THE BLOG
04/30/2008 02:21 pm ET Updated May 25, 2011

3 Summer Movies I Really Hope Don't Suck

1. Speed Racer (May 9th, Warner Bros.)

This movie theoretically has a lot to be excited about. Though I have never seen the original cartoon, Speed Racer boasts a pretty legit pedigree and stacked cast. The film was written and directed by the Wachowski brothers, of Matrix fame. If anyone were going to be able to stage sick race sequences in a Japanese-tinged future metropolis, while also writing in an at least semi-compelling story, it would be these guys. I know there were two movies that followed the original Matrix, two very long, very silly movies, but that first movie was obviously a real shot of life to the action genre, directly influencing as many films as Quentin Tarantino.

The cast is excellent; since I don't know the cartoon I can't base the choices on whether they fit the pre-existing characters, but based on the actor's past work it looks very solid.

(Side-note: this historically thorny subject - casting films based on a beloved original source, whether it be book, TV show, etc. - has really been perfected as of late. The Harry Potter films really nailed it, as did The Golden Compass. Even the original uproar about Heath Ledger as the Joker was silenced as soon as people saw him in the trailer; he looks perfect, as does Christian Bale for Batman. I'd love to hear what people think about the casting of Speed Racer based on the cartoon).

Playing "Speed", you have Emile Hirsch, a personal favorite since The Girl Next Door, who seems like a genuinely cool guy (albeit the type of cool guy who would probably think I was really lame) and a great actor. Christina Ricci is the love interest, and Susan Sarandon and John Goodman play the parents. Not to mention Matthew Fox as a fellow racecar driver, who got off the island for long enough to film his part. In short, not only is the cast loaded with marquee names, but marquee names that can really act.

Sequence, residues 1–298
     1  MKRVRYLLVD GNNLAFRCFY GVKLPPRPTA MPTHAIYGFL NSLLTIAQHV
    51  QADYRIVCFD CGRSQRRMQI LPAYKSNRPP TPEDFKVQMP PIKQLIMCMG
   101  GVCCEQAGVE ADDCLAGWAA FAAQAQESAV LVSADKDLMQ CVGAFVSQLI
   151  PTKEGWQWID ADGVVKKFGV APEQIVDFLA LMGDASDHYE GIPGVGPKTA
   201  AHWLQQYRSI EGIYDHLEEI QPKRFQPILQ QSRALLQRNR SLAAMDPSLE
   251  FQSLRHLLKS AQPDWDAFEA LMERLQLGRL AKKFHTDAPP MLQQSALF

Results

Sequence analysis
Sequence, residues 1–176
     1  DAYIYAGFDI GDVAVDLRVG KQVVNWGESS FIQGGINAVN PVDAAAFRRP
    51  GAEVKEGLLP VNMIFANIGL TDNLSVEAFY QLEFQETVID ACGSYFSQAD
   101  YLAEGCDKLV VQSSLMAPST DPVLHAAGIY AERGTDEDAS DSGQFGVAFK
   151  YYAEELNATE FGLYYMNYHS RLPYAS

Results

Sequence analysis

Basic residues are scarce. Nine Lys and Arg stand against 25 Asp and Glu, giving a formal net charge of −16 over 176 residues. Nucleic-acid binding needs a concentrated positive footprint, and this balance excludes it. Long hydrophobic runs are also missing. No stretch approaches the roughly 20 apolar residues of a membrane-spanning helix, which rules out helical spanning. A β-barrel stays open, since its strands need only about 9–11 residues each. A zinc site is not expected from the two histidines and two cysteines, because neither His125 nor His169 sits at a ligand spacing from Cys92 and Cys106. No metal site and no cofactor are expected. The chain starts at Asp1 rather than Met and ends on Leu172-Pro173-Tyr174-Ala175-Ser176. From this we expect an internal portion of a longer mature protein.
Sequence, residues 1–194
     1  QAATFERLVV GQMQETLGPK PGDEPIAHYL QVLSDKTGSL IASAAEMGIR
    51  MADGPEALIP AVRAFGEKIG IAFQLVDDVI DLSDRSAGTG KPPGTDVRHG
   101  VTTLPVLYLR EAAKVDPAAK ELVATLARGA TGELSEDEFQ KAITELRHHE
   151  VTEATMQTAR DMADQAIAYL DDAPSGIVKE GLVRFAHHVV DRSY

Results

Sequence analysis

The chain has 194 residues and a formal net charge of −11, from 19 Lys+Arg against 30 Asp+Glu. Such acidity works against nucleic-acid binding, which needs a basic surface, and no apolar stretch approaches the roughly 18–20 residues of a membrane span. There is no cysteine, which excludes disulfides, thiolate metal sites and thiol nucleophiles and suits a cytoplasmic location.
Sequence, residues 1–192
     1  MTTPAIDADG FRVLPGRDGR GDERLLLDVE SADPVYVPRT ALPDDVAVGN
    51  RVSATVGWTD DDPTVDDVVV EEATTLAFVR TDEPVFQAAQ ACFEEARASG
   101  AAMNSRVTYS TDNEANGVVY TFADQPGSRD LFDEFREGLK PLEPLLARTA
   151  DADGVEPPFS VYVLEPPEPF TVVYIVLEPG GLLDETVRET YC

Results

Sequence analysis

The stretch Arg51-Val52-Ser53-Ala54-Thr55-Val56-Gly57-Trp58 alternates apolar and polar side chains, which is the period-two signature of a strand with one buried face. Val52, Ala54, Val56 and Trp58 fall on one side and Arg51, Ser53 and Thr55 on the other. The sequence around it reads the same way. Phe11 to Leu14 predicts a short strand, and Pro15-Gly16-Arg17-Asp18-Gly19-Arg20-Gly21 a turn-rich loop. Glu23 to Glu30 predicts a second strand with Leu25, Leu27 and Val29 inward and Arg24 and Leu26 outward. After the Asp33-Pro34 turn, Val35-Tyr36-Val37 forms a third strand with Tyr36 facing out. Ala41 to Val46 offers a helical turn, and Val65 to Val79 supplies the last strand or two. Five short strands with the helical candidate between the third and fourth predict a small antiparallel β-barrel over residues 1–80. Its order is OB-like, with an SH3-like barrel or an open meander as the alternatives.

So on the Pro side, a well-known and popular Japanese cartoon adapted for the screen by masters of 21st century action movies, starring a great cast. On the Con side, however, is the trailer, and particularly the TV commercials.

Once you see these, with the overabundance of neon, those really, really annoying looking kids, and the uninspired race sequences, it is hard to suppress those feelings of embarrassment, that awkward feeling of watching someone totally put themselves on the line for potential failure. The movie looks less like a futuristic, adrenaline-packed thrill ride (as a quote on the poster might say), and more like a B-rate Spy Kids, an action version of The Adventures of Rocky and Bullwinkle, another famously atrocious adaptation of a beloved cartoon, featuring great actors at their worst. After seeing the commercial for Speed Racer, my roommates laughed in my face for having talked up the film in advance, astonished I had ever wanted to see it.